Governor recognizes dispatchers as emergency responders
I received this wonderful news early this morning. After many years of effort, dispatchers in the state of Kansas are finally recognized and classified as “emergency responders.” Governor Laura Kelly signed SB40 yesterday which added dispatchers. Please read the following article and you will understand why this was so vital. If you can only imagine, dispatchers receive calls reporting everything from littering to homicides. In the worst of calls, everything is handled by them through telephone conversations, they are not able to be physically at the scene.
While other emergency responders arrive and deal with the issues at hand, dispatchers remain at their stations. They can only imagine the issues that are being dealt with, so they leave work with indifferent thoughts and feelings that are sometimes very hard to process and work through. SB40 not only recognizes dispatchers for their incredible efforts in keeping our communities safe, but also opens doors for them to obtain services needed to better perform their duties. I am very appreciative that dispatchers are being recognized for the truly remarkable jobs that they do. Well done!!!
Kansas includes public safety telecommunicators in definition of emergency responders
After many years of hard work, and a tumultuous year of uphill battles, the Kansas Chapters of APCO and NENA are elated that public safety telecommunicators, are finally receiving the dignity and respect they justly deserve. Public Safety Telecommunicators include 9-1-1 call takers and emergency dispatchers, and are the first emergency responder to nearly every emergency.
Last week, HB2435, which spoke to the inclusion of Public Safety Telecommunicators in the definition of emergency responders alongside other heroes in public safety like Law Enforcement, Firefighters and Emergency Medical Technicians/Paramedics, was introduced in the House Appropriations Committee. Concurrently, SB40, which included many modifications to the Emergency Management Act, passed both the House and the Senate and respectively received the Governor’s signature yesterday, making it law. SB40 amended the definition of “emergency responder” in the Kansas.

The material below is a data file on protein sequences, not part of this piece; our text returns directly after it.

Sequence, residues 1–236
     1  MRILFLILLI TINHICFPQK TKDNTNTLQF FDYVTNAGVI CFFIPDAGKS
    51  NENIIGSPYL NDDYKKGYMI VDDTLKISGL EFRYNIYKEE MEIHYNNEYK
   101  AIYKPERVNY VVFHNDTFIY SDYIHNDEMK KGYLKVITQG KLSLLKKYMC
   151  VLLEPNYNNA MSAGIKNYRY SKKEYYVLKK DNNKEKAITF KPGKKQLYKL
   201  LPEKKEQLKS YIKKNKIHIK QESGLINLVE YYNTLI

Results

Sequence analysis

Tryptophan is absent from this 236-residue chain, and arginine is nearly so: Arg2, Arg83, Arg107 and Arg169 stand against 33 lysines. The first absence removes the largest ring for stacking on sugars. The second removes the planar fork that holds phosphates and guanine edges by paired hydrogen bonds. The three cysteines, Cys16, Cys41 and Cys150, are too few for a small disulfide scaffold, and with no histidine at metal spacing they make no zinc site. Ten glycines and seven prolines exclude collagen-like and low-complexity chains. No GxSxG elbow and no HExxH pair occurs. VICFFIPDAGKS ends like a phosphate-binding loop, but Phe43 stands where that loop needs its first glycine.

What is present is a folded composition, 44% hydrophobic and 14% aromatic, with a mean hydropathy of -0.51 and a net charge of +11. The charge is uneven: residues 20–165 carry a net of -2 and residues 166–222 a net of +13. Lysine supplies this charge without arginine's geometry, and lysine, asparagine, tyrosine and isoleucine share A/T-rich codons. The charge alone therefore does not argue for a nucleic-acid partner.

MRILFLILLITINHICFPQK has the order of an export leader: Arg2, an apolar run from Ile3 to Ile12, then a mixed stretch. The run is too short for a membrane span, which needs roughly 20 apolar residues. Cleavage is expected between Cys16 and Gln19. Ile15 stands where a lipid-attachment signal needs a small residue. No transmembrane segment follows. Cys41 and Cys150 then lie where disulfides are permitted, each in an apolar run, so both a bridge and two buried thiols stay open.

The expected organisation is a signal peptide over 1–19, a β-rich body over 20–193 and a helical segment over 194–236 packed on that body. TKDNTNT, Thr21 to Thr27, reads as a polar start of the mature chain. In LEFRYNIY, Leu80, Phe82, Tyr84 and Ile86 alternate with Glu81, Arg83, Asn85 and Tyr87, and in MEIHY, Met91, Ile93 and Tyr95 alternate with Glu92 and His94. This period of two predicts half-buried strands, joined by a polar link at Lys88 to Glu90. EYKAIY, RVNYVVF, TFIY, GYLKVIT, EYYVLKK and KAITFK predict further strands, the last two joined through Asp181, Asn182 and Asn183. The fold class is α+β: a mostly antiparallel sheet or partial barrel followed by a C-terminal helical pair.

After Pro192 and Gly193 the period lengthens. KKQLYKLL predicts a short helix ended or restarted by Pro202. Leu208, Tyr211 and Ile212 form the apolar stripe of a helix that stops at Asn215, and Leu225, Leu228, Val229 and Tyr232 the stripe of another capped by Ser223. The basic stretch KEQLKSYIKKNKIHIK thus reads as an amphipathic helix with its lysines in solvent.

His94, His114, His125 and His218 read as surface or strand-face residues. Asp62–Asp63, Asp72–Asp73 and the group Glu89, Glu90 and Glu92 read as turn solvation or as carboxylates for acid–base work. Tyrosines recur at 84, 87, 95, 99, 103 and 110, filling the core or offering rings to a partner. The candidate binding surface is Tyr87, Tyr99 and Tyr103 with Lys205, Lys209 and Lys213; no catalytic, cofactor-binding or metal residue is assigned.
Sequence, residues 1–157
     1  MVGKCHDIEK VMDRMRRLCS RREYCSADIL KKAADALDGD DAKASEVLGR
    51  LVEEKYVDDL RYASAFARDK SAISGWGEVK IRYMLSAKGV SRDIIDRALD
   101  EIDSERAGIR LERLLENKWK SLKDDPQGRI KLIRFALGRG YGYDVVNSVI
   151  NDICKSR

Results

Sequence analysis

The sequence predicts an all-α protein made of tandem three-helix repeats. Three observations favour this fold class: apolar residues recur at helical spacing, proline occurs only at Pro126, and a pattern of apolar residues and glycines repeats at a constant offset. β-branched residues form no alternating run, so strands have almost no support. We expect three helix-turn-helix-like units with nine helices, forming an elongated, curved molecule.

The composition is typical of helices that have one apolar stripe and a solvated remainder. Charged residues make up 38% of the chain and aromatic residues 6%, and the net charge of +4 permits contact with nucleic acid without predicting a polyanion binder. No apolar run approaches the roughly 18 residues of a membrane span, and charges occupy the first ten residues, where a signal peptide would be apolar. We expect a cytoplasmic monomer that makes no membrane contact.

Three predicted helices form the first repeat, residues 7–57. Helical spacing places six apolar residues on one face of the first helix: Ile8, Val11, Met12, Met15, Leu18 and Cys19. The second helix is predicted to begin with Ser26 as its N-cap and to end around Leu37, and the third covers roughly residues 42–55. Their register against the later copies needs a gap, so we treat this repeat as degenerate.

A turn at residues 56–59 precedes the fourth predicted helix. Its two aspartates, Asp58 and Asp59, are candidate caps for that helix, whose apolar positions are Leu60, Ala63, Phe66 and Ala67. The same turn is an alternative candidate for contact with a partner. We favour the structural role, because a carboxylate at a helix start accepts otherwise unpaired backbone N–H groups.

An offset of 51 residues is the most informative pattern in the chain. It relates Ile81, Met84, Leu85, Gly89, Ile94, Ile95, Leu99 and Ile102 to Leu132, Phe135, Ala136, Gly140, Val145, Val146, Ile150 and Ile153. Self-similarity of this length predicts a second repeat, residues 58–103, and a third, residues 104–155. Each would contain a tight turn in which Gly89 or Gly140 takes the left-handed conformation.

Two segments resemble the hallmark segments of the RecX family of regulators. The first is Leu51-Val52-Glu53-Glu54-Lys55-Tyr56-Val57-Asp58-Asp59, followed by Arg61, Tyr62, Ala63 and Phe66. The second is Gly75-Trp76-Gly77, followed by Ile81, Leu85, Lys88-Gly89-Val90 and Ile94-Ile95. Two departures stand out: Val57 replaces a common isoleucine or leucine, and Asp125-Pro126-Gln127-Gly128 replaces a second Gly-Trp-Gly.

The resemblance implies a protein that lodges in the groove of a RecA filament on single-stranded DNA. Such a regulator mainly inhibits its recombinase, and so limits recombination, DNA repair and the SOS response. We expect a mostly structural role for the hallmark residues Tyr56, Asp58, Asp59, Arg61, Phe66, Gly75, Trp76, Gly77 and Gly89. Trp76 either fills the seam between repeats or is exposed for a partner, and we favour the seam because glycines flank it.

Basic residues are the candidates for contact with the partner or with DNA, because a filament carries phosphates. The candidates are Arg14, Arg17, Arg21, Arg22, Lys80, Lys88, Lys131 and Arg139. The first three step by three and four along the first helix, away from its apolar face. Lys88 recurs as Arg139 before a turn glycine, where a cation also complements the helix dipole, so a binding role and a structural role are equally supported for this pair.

Intrastate Emergency Mutual Aid Act to include 911 call center for Public Safety Telecommunicators
When emergencies arise in our communities across Kansas, people seeking help in that time of crisis turn to 9-1-1 as their lifeline. Public Safety Telecommunicators are highly trained individuals and routinely communicate with citizens who are in great distress, fear or are injured. They can coach callers through mental health crisis, how to perform CPR or deliver a baby, collect information to provided situational awareness for responders, and negotiate in hostile situations. They perform critical life-saving duties in the field as Incident Tactical Dispatchers (INTD) for SWAT and Fire, Communications Units Leaders and Technicians (COML and COMT) and the Telecommunicator Emergency Response Taskforce (TERT) assistance to PSAP’s in disasters.